Hobby Musings: Catching up with Pitcher, Jordan StephensHobby Musings: Catching up with Pitcher, Jordan Stephens – Baseball players sign a lot of autographs, and pitcher Jordan Stephens is no different. The righty has also been featured on various trading cards during his career.  I had the chance to catch up with him to get his thoughts about signing for fans and whether he chases down his own cards.

KS: Do you remember the first time someone asked you to sign something?
JS:
While I don’t remember the first time I was asked for my autograph; I do remember the first time I gave it out. When I was in primary school, I gave my teacher Mrs. Causey a signed baseball as a gift. I haven’t seen or heard from her personally, but my mom said a few years ago that she still has it.

KS: What is the strangest thing anyone has ever asked you to sign?
JS:
The weirdest thing someone’s asked me to sign was a kid’s shoe during spring training when I was with the White Sox. I had to check with their parents to make sure they didn’t mind and then the next thing I knew, I had signed almost a dozen shoes.

KS: Have you ever asked any fellow players for autographs or memorabilia?
JS:
I can’t think of anything that I have from other players. However, I have gotten many things for my brother since he’s a big collector. I always let the guys know who I’m getting it for, and most of the time, he isn’t even asking for it. I just know he’ll like it, and I’m in a position to help him out. For my brother, I’ve gotten Carson Fulmer’s first professional lineup card signed, Michael Kopech’s signed cleats, different things from Zack Collins, an Eloy Jimenez signed ball, a Bobby Witt Jr. signed ball, and then, different signed cards of people I’ve played with.

KS: What has autograph signing and fan interaction been like throughout the pandemic?
JS:
For me, the signing and fan interaction never changed due to the pandemic. I’m not going to shy away from the fans over the current pandemic, so if they’re willing to potentially expose themselves, I’m willing to sign and converse. I think baseball in 2021 has been a great escape for many people who were trapped indoors for so long, myself included.

KS: How do you think players feel about signing autographs as a whole?
JS
: I think that most players like signing autographs. It’s more of the timing that people ask for them that can become an issue.

KS: What are some of the biggest dos and don’ts when it comes to asking for an autograph?
JS:
If you’re looking to increase the odds that a player will sign, try getting our attention using our first name. Also make sure you have the cards and pen ready. For a lot of guys, they just want to get into the building, so making it as quick and personal as possible should help. On the other side, don’t have a binder full of someone’s cards. If you have ten cards, we may only sign one. However if you only have three, it looks like they’re all just for you. Also try not to ask for autographs right before the game starts. Especially if it’s the starting pitcher.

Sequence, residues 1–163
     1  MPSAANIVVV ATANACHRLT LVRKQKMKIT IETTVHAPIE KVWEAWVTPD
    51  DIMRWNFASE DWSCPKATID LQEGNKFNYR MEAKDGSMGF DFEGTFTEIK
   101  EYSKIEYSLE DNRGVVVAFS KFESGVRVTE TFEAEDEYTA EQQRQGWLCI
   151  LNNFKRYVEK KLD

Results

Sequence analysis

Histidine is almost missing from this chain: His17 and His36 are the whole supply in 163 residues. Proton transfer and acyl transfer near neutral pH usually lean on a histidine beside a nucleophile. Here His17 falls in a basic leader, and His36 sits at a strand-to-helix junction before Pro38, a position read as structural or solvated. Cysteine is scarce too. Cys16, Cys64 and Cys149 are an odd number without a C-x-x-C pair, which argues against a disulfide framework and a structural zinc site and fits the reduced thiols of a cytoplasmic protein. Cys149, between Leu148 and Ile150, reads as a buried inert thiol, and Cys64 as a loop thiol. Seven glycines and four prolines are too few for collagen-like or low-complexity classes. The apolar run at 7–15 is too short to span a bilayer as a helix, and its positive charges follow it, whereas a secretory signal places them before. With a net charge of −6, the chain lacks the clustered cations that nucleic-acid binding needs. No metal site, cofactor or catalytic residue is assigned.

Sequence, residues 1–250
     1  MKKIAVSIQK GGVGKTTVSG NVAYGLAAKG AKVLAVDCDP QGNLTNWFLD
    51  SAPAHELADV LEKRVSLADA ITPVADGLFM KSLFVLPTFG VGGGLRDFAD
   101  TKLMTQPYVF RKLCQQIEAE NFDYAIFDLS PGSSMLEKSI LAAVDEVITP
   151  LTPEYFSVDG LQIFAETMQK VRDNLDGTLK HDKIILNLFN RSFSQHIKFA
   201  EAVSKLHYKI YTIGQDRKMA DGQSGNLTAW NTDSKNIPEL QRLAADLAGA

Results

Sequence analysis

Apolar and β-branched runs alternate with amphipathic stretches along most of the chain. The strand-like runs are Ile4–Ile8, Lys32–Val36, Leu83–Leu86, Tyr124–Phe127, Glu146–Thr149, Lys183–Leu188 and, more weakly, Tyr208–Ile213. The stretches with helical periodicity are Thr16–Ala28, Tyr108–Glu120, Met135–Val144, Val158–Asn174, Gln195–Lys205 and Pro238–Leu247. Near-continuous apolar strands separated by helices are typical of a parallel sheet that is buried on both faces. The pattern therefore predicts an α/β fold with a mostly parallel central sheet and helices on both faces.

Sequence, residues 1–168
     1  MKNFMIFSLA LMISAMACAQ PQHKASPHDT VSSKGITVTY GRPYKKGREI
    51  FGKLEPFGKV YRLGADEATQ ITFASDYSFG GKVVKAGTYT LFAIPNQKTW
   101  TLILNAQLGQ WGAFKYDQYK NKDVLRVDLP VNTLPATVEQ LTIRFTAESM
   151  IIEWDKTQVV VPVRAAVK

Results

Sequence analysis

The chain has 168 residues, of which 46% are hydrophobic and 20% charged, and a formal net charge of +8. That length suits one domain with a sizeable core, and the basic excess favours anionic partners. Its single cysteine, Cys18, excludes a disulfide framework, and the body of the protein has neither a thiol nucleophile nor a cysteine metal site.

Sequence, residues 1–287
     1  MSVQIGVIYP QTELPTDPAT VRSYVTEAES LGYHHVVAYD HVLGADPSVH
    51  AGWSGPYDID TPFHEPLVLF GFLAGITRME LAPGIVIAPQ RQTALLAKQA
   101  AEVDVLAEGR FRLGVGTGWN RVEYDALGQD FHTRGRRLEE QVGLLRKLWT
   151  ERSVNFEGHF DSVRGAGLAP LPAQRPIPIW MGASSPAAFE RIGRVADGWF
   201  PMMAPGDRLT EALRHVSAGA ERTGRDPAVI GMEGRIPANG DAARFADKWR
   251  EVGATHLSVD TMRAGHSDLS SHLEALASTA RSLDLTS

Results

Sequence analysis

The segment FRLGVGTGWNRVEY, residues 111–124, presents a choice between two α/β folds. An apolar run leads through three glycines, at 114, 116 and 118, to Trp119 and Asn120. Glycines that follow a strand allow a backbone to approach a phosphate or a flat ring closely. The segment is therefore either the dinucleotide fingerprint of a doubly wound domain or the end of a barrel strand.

KS: Did you collect cards growing up?
JS: I had baseball cards, but I don’t know if I necessarily collected them in the way that my brother does. I had a little binder with some of my favorites like Jeff Bagwell and Pedro Martinez. My best card was an autographed jersey card of Kerry Woods.

KS: What was it like the first time you saw yourself on a trading card?
JS:
I always think it’s really cool when I have new cards come out, even when they’re just team cards. Cards are a huge part of how a fan builds a bond with their favorite players. I look at the team cards and Topps cards as equals, even if the card community doesn’t.

KS: Are you collecting any of your own cards?
JS:
I have a lot of my team cards from throughout the years, but I don’t really have any of my Topps ones. My brother’s done a good job at collecting those, so we have plenty in the family.

KS: For a fan who wanted your autograph, what would be the best way to go about doing it?
JS:
The best way to get my autograph is to be outside the stadium when we show up for a game. Players like to feel “wanted,” so if you just prioritize certain guys each time, that should help your chances. Whereas some people try to call over a few players at once and that’s the difference between wanting “an autograph” vs. “my autograph.”

Hobby Musings: Catching up with Pitcher, Jordan Stephens – More Resources

Hobby Musings: Catching up with Pitcher, Jordan Stephens – Image Gallery


Kelsey’s ability to bring hobby coverage to the mainstream sports fan has been a true asset. GTS is happy to feature his thoughts on collecting in Hobby Musings. The opinions expressed are his and do not necessarily reflect those of GTS Distribution.

Related Posts